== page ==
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Location: Mailing Lists / Archive General Hot Articles / 2008-06-04

In this issue:  Energy from algae, panning carbon credits,
and remodeling on a budget.

---Background Checks---
BusinessWeek says employee screening has become a big
business, but not always an accurate one.

IEEE Spectrum says that two automotive conferences show the
impact of public policy on core vehicle designs.

---CEO Pay---
The Motley Fool looks at the issue of CEO pay.

Survival is not just a product of luck.  We can do far more
than we think to improve our odds of preventing and
surviving even the most horrendous of catastrophes,
according to Time Europe.

Two years ago, there were less than a handful of companies
chasing the next wave of so-called "pond scum" power. 
Today, Popular Mechanics says there are dozens, many backed
by big energy industry players.

Wired says that climate changes is inevitable, so people
should get used to it.
Wired warns that carbon offsets -- and emissions-trading
schemes, their industrial-scale siblings -- are the
environmental version of subprime mortgages.

    Organize Your Documents

Though mission controllers at NASA's Jet Propulsion Lab may
have temporarily been at the helm of the Phoenix Mars
Lander, Popular Mechanics says it's the science team at the
University of Arizona that will steer the rest of the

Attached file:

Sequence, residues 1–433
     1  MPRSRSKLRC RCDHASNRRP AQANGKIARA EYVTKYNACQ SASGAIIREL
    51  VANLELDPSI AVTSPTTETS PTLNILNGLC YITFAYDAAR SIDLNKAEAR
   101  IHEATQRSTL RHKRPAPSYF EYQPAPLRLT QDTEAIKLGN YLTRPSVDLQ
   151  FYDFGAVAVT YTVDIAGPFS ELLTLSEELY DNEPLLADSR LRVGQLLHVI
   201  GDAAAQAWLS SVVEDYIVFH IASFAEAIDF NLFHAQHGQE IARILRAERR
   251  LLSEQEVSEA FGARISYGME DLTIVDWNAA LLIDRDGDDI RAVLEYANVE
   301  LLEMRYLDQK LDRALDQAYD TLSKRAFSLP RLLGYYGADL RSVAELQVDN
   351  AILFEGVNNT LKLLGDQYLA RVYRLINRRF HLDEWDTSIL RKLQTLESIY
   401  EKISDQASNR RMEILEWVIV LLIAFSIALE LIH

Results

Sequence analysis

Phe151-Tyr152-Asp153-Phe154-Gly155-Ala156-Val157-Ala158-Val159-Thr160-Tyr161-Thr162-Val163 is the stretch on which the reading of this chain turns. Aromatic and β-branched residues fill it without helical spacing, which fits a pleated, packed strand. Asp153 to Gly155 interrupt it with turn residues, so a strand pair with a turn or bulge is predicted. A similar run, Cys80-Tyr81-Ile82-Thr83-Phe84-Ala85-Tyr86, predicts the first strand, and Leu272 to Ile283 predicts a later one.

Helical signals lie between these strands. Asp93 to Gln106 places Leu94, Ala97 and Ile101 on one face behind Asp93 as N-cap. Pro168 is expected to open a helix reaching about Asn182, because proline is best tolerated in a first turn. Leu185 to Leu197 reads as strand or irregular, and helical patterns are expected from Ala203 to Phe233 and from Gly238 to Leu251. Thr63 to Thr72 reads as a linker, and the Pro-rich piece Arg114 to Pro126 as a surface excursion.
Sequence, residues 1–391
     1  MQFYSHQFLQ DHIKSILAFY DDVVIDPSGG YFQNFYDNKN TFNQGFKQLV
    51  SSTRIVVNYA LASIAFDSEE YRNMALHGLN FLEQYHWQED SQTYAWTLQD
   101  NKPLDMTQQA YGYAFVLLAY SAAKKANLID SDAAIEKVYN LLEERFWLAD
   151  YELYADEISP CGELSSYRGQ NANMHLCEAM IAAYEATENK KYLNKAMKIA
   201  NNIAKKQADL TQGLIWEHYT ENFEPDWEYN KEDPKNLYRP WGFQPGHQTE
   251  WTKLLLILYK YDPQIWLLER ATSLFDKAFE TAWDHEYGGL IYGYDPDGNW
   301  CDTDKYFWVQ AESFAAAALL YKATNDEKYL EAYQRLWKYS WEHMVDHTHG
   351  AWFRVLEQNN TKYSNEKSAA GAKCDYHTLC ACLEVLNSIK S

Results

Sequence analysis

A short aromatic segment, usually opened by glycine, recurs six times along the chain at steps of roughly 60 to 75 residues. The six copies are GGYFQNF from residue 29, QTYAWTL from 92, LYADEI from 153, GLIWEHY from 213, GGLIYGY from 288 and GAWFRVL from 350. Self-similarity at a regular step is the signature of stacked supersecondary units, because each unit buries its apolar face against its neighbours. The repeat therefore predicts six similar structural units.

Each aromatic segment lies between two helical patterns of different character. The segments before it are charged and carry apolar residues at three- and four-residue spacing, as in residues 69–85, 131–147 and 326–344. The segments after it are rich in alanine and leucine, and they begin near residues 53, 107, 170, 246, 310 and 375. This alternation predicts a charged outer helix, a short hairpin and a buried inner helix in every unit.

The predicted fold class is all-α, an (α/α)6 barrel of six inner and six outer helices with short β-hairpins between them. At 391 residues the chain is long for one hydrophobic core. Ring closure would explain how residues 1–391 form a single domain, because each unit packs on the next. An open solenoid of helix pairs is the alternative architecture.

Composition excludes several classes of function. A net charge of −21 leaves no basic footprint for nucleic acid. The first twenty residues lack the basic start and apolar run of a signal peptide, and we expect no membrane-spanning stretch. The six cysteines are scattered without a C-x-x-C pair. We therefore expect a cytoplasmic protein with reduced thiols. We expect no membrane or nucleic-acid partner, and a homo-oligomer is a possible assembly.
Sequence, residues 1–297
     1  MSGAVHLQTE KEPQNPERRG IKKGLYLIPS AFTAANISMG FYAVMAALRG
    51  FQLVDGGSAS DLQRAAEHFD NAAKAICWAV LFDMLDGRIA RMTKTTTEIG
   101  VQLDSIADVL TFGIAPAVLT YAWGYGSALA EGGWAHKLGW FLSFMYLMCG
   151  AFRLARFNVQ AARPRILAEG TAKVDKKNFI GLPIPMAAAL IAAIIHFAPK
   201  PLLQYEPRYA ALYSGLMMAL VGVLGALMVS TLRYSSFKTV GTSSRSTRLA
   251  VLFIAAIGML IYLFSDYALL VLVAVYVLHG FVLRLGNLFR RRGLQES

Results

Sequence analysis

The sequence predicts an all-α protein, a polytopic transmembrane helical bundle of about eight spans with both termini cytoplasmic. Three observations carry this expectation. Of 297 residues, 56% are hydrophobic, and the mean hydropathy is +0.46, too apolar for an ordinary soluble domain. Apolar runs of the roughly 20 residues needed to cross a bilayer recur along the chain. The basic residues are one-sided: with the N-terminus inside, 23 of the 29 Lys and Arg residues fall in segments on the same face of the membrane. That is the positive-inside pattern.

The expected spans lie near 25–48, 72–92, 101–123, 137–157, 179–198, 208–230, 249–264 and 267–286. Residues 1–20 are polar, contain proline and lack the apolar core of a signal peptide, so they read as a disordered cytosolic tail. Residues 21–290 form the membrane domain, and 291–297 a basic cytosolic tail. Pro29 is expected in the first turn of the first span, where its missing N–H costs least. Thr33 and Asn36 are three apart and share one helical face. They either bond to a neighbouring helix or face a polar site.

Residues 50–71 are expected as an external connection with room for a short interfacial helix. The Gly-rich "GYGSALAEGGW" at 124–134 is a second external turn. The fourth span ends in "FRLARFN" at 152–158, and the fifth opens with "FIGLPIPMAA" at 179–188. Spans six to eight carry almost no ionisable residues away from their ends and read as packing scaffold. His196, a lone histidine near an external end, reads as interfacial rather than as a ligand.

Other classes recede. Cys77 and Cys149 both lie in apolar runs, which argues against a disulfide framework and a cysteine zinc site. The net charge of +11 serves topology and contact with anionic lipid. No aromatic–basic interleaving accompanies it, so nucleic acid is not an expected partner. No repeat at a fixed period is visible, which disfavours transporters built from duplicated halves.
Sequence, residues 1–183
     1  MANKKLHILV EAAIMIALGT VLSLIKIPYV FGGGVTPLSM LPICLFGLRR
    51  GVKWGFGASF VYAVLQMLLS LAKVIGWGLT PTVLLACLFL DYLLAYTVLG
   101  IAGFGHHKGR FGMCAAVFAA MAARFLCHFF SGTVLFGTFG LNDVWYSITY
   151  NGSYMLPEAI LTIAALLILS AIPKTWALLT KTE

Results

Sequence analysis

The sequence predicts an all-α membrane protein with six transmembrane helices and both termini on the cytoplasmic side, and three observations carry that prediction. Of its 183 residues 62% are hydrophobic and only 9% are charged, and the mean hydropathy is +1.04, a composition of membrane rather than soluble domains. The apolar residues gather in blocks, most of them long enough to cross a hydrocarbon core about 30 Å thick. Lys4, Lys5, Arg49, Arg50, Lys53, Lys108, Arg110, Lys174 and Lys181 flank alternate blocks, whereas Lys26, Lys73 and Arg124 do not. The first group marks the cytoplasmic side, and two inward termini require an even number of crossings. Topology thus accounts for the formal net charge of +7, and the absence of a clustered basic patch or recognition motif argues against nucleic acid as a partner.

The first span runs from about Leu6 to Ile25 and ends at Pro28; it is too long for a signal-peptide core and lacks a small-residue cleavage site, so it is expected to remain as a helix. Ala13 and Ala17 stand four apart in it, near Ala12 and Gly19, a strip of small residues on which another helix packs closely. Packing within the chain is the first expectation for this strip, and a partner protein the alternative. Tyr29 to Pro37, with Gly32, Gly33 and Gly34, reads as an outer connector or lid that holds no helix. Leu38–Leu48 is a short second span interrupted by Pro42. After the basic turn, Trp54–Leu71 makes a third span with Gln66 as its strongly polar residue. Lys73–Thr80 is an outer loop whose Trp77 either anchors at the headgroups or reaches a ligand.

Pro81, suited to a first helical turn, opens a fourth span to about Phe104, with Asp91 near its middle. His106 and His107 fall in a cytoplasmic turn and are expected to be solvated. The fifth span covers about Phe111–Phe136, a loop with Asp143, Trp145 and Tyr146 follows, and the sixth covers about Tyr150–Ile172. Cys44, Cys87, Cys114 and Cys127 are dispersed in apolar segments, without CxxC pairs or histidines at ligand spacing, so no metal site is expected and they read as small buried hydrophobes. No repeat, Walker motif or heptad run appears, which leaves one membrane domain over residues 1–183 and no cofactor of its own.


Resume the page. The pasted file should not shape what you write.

landmark mission.

---Middle East---
Today's accumulation of riches in the Gulf is the stuff of
dreams.  Time Europe says the soaring profits from oil and
natural gas are driving the region's wealth into the

According to Culture Vulture Indiana Jones and the Kingdom
of the Crystal Skull is entertaining, but less than inspired.

Get tips to save on your next remodeling project from two
budget-minded homeowners in This Old House.

Popular Mechanics looks at the global black market for
antiaircraft missiles.

The singularity is supposed to begin shortly after engineers
build the first computer with greater-than-human
intelligence.  IEEE Spectrum looks at different opinions
about the possibility.
After seven major incinerations in the past century --
including Sunday's colossal, twelve-hour blaze -- Popular
Mechanics says Universal Studios' Backlot sets might just
seem cursed.